“You need a hysterectomy.” Those words can be devastating for a woman to hear. It’s major surgery, usually with a long, painful recovery. Many women also have feelings of sadness and loss after realizing they’ll no longer bear children.
Glenn resident Denise Conklin found herself facing that reality last fall. The active 32-year-old wife and mother of two young children suffered from endometriosis, a fairly common condition that causes extreme pain when uterine tissue invades the abdominal cavity.
Her symptoms were so severe that they were starting to interfere with her life. Despite two previous laparoscopies, Conklin continued to experience heavy bleeding, cramping, shooting pains, and pain during intercourse. She just wanted the pain to stop.
“My life literally revolved around my period. I would have only one ‘good’ week a month when there was no pain or cramping,” she says. “I had to plan my day around the pain, which usually meant I had to stay close to home and not be active.”
That’s when Conklin and her doctor, Brett Zimmerman, DO, an obstetrician/gynecologist with SHMG-OB/GYN, decided it was best if her uterus and cervix were removed.
A last resort
Hysterectomies are the second most common surgical procedure for women in the United States, with nearly 600,000 performed yearly. Nearly one-third of women have a hysterectomy by the time they reach age 60. The surgery is often performed as a last resort to treat endometriosis, fibroid growths, uterine bleeding, pelvic pain, pelvic organ prolapse from childbirth, and cervical cancer.
They may be “partial,” in which the uterus only is removed, or complete, removing both the uterus and cervix. A radical hysterectomy, where the uterus, lymph nodes and support structures are removed, is done when extensive cancer is diagnosed.
“About 70 percent of today’s hysterectomies are still done with open abdominal surgery leaving the patient with a large incision across the abdomen,” Dr. Zimmerman explains. “This kind of surgery requires a two- to five-day hospital stay and another six to eight weeks of recovery.”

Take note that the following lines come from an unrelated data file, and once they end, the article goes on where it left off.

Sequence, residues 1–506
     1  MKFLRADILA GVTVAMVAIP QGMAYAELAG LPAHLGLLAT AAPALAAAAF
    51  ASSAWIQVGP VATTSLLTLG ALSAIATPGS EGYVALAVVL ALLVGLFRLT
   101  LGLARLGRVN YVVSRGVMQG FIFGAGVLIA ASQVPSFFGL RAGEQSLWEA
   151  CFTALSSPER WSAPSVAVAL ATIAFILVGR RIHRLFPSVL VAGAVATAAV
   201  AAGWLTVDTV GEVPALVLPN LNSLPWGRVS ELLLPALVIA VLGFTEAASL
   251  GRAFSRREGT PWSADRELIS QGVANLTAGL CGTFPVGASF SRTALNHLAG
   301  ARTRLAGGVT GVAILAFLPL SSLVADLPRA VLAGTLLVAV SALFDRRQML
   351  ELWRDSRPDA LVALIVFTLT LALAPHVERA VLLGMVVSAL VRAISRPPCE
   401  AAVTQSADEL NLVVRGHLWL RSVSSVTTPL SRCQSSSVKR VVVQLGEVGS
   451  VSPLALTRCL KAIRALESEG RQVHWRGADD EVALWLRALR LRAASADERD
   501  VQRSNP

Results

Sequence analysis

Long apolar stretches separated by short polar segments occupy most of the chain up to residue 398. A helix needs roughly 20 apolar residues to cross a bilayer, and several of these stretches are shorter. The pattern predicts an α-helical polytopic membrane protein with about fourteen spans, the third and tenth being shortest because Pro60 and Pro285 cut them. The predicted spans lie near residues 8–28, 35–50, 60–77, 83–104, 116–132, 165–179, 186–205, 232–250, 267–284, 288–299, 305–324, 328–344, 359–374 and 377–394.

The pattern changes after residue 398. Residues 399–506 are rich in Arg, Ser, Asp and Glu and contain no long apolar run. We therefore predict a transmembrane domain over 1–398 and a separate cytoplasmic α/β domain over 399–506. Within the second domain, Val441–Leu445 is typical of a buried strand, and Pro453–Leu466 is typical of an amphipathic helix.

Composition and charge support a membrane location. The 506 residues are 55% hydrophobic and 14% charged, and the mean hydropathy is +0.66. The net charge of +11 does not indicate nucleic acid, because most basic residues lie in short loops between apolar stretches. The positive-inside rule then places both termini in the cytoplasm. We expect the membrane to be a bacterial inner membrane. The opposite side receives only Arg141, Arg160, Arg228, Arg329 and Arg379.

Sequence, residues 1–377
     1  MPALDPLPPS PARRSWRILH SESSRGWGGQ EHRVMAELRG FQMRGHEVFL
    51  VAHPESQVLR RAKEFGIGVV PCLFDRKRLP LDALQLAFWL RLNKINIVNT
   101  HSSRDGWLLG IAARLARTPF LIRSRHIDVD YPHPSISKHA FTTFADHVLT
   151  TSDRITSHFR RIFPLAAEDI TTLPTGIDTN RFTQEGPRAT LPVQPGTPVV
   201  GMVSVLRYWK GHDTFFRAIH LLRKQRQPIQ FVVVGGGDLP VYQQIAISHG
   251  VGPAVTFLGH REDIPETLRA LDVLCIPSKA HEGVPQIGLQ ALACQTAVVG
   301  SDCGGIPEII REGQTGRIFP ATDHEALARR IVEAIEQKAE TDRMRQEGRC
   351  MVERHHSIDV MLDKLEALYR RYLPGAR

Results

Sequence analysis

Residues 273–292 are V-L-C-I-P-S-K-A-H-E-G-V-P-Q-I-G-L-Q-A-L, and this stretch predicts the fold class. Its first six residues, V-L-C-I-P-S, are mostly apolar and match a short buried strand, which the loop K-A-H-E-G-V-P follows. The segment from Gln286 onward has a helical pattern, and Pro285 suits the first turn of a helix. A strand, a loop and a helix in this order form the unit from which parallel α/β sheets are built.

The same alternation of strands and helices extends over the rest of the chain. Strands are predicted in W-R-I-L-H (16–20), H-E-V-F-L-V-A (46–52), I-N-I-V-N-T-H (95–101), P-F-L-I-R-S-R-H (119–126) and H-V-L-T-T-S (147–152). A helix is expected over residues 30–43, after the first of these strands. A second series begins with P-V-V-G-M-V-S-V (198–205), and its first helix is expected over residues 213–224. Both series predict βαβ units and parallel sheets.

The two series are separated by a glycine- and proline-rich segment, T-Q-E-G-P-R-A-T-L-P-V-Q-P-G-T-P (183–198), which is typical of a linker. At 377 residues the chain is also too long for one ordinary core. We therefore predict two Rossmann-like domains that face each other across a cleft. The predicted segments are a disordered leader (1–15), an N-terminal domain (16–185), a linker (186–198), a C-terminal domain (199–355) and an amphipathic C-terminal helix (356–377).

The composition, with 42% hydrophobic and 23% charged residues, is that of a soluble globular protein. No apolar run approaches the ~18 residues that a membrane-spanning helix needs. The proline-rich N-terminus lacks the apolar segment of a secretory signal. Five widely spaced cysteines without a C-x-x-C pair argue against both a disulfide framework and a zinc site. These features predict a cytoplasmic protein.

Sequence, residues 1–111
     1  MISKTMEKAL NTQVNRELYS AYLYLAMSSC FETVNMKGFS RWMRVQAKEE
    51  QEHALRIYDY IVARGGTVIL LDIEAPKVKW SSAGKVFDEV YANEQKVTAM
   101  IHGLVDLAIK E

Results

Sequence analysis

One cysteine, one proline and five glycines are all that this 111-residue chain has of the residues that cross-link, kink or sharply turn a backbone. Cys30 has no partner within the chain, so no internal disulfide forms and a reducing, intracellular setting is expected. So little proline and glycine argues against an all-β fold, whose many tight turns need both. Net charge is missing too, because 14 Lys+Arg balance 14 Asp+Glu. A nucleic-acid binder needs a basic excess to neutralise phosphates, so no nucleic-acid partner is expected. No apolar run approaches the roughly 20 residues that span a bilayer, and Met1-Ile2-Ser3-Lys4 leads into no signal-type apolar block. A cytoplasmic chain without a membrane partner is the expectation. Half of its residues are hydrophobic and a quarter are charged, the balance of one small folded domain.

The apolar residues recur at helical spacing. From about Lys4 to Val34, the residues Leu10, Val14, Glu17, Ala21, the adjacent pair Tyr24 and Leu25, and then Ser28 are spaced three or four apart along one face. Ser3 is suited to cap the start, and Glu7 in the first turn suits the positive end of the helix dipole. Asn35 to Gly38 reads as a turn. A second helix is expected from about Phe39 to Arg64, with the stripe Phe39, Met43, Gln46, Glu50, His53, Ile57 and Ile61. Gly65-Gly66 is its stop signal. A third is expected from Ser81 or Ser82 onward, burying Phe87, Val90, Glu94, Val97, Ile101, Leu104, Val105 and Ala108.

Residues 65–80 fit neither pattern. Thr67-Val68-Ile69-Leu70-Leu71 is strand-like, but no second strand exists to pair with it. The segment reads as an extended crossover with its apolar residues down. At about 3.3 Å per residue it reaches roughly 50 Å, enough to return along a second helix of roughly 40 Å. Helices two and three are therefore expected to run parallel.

Conklin wanted relief, but wasn’t willing to endure the long recovery from open surgery. “That wasn’t even an option for me,” she says. “I’m active. I was not going to be out on recovery that long to get back to my life.”
Kinder, gentler da Vinci surgery
Then Dr. Zimmerman suggested using Holland Hospital’s new state-of-the-art da Vinci robotic surgical system to perform Conklin’s hysterectomy. He had just received special training on using the highly advanced technology, which was already being used at Holland Hospital for prostate gland removal.
“We use little incisions as ports for access to the body and the da Vinci’s robotic arms are positioned inside the ports. This means less movement and trauma of tissue, and the work is done inside the abdominal cavity,” explains Dr. Zimmerman. “This results in less blood loss, less pain after surgery, and a quicker recovery.”
The surgeon sits at a console a few feet away from the patient, and uses hand controls and foot pedals to manipulate the robotic arms. Using 3-dimensional high definition images, the da Vinci system allows a surgeon’s hand movements to be scaled, filtered and translated into precise movements of micro-instruments during a procedure. Fingertip controls provide a greater range of movement than the human wrist, and minimize human error.
Dr. Zimmerman adds that future applications of the robotic surgical system are so promising that the military is researching the feasibility of having doctors perform remote surgeries on soldiers miles away.
At first Conklin was apprehensive. This would be Dr. Zimmerman’s first hysterectomy using the da Vinci system; she would be his first patient. But after doing her research, she was convinced of the benefits of a da Vinci hysterectomy and consented to the surgery.
“I guess I always knew that a hysterectomy was going to have to be performed to finally help with the endometriosis,” she says. “I asked a lot of questions. I also talked nurses and other patients and did a lot of research online. It made me realize that I wasn't alone. Others had the same problem, found relief and had a quicker recovery with this new technology.”
Pain-free at last
Conklin was amazed at how quickly she bounced back after surgery. She felt so good that she resumed light workouts at the gym after just two weeks. But it was too much too fast, and Conklin backed off the intensity for two more weeks to give herself time to heal. By week four, however, she was back to doing moderate workouts three times a week. She had finally regained control of her life.
“The pain is gone. I feel healthier now then I have felt in probably 11 years, before I was pregnant with my daughter,” she marvels. “I'm actually starting to train for my first sprint triathlon in June.
“I always looked at the surgery as a blessing to rid my body of an organ that was diseased and causing pain,” Conklin continues. “My uterus served its purpose so that I could be blessed with two beautiful children. I don't think I'm any less of a woman now than I was before; I just know that I am a healthier woman now.”